Anirudh is a lawyer with a London based law firm and is an editor of Justice Bachawat’s Law of Arbitration and Conciliation (5th edn, LexisNexis, 2010 forthcoming). He is a graduate of the National Law School of India University, Bangalore, and can be reached at anirudh.wadhwaATgmail.com
The recent Delhi High Court judgment of Dr. Justice Muralidhar in Tandav Films [downloadable file] makes for an interesting study. It involves disputes relating to the Hindi film “Khosla ka Ghosla”, and raises important issues in copyright law and arbitration law. The judgment seems a bit sketchy in parts, and it is difficult to fully flesh out the facts. Perhaps, this may be a result of it being an order arising out of an interim application to refer the parties to arbitration under S. 8 of the Arbitration and Conciliation Act, 1996. However, given the importance of the issues raised in this case for both copyright law and arbitration law, Tandav Films merits a detailed analysis.
It is important to note the following facts relevant to the judgment in the case –
a. The Plaintiff (in collaboration with another company) were the Producers of the movie “Khosla ka Ghosla” and held all the underlying intellectual property rights (to start off with) in the movie.
b. The Plaintiff/Producer entered into an agreement to licence exclusive rights in the “musical works and accompanying lyrics as well as the sound recordings embodied in the sound track [of the said] film” to Living Media (one of the defendants) for five years. (“Agreement 1”)
c. The Plaintiff/Producer later entered into another agreement to licence “exclusive rights, excluding music rights in the film” to UTV (another defendant) for fifteen years. (“Agreement 2”) This contained an arbitration clause.
d. Upon the success of “Khosla ka Ghosla”, UTV soon released its remake in Tamil, titled “Poi Solla Porom”. This was objected to by the Plaintiff/Producer on what appears (from the judgment at least) on three main grounds –
i. Infringement of music of the film “Khosla ka Ghosla”.
ii. Infringement of copyright in the literature and dramatic works created for the Plaintiff/Producer underlying the film “Khosla ka Ghosla”.
iii. Infringement of the Plaintiff/Producer’s special rights as author of the film “Khosla ka Ghosla”.
Potential legal issues
The case had a lot of potential for clarifying technicalities in copyright law. In relation to the argument on moral rights (to my mind, atleast) the set of facts gave enough scope to entertain a discussion on the following questions: the scope and extent of moral rights; whether and under what circumstances are moral rights available to a “first owner”, as opposed to an author; and, who can be said to be a “legal representative” of the author. Similarly, in relation to scope and nature of rights in “musical works” and “dramatic works” the following issues were implicated and these questions could have been addressed – to what extent do rights in “musical works” and “dramatic works” subsist independently of the rights in the underlying cinematographic film; how do rights in the “musical works” and “sound recordings” differ from each other and from the rights in the underlying “synchronized music” to a “cinematograph film” (as arising out of Agreement 1 above); what is the effect of assignment of “music rights” (as used in Agreement 2 above), and how far does this impact other related rights in relation to the cinematographic film.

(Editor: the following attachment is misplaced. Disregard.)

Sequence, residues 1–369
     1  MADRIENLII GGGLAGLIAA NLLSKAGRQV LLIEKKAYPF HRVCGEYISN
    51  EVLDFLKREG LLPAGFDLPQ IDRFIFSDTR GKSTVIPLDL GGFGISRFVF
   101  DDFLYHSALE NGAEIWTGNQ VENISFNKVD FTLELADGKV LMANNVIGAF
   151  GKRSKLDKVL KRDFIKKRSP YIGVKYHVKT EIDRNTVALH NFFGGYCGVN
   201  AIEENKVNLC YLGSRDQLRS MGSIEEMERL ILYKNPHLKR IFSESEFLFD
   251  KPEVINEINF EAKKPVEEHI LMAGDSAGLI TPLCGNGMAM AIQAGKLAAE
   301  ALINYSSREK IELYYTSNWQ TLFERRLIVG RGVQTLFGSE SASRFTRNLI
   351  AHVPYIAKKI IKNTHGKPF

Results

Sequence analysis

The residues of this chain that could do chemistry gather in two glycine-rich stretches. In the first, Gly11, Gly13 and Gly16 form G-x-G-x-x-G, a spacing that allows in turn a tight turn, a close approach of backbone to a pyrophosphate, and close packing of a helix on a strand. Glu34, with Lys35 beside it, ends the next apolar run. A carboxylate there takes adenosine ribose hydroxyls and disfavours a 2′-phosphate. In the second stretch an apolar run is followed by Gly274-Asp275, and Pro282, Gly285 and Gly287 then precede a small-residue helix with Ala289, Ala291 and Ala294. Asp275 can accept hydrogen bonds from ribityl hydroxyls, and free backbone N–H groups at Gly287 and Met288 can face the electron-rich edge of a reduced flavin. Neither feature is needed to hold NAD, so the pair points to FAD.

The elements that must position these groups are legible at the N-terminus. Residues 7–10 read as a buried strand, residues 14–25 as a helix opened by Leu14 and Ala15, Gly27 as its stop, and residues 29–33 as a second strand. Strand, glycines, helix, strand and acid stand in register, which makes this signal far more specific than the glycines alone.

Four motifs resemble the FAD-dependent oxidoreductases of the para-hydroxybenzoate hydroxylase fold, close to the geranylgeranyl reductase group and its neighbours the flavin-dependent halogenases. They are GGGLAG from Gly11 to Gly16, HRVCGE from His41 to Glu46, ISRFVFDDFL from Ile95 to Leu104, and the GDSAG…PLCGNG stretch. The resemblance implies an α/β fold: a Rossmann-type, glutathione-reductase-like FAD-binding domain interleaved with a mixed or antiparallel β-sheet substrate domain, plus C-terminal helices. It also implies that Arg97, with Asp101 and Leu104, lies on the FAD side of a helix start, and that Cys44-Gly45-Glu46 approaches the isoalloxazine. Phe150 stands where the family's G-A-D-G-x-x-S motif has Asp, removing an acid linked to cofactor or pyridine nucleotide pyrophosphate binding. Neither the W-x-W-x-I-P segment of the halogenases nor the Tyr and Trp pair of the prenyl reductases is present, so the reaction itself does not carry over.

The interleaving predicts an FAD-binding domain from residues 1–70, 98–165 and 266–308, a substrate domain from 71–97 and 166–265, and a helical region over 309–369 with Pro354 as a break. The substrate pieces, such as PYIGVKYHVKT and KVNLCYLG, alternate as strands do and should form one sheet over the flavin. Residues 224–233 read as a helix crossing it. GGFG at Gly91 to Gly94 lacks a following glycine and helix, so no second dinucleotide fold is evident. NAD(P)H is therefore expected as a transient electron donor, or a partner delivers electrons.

As will be seen later, Muralidhar J in Tandav Films did not direct his enquiry into these issues at all, instead preferring to refer the disputes for determination by way of arbitration.
Decision of the Court
The Court did not go much into the above identified issues, other than laying down (albeit, on a prima facie basis) that the disputes revolve around an interpretation of the terms “musical rights” and “musical works” as used in Agreement 2 between the Plaintiff/Producer and UTV. Prima facie, the court ruled that to the extent there was an assignment of the “musical works” under Agreement 2, this also covered any “musical work” as defined under S. 2(p) of the Copyright Act. However, since this agreement contained an arbitration clause, the disputes relating to the scope and interpretation of the underlying intellectual property rights were left for determination by the arbitrator.
It may be noted, that in so holding, the court did not address the moral rights issues at all. Also, to the extent it did rule on an interpretation of the phrase “musical rights” and “musical works”, the analysis by the Court is only on a prima facie assessment. On this basis, it appears doubtful whether the decision in Tandav Films can be said to lay down any authority for a proposition of copyright law.
Reference to Arbitration
The Supreme Court has held in the famous Sukanya Holdings case reported in (2003) 5 SCC 531 [Also available here], that the entire subject-matter of the suit should be subject to the arbitration agreement for the Court to refer the disputes to arbitration. The underlying reasoning behind this rule is based on the consensual nature of arbitration. Only those ex post disputes can legitimately be referred to arbitration, in relation to which parties ex ante agreed to do so.
Using this authority, it was contended by the Plaintiff/Producer that the disputes in this case related to issues that went beyond Agreement 2 between the Plaintiff/Producer and UTV. There were other defendants to the suit that were not signatories to Agreement 2. For instance, claims were made against Four Frames Pictures, the producers of the Tamil remake and Big Music, which had released the music of the Tamil remake.